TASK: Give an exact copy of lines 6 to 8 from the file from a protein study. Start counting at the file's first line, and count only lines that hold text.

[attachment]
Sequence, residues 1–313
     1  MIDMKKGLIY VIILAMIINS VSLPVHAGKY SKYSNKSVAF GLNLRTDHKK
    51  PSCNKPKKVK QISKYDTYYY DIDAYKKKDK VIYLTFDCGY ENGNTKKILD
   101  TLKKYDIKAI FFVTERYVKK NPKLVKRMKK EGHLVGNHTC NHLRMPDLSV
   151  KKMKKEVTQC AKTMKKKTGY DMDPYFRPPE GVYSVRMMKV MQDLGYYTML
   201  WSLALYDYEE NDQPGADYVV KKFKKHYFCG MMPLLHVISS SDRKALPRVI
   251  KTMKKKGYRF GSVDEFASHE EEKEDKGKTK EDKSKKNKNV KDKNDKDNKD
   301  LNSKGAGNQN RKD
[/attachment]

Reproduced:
   201  WSLALYDYEE NDQPGADYVV KKFKKHYFCG MMPLLHVISS SDRKALPRVI
   251  KTMKKKGYRF GSVDEFASHE EEKEDKGKTK EDKSKKNKNV KDKNDKDNKD
   301  LNSKGAGNQN RKD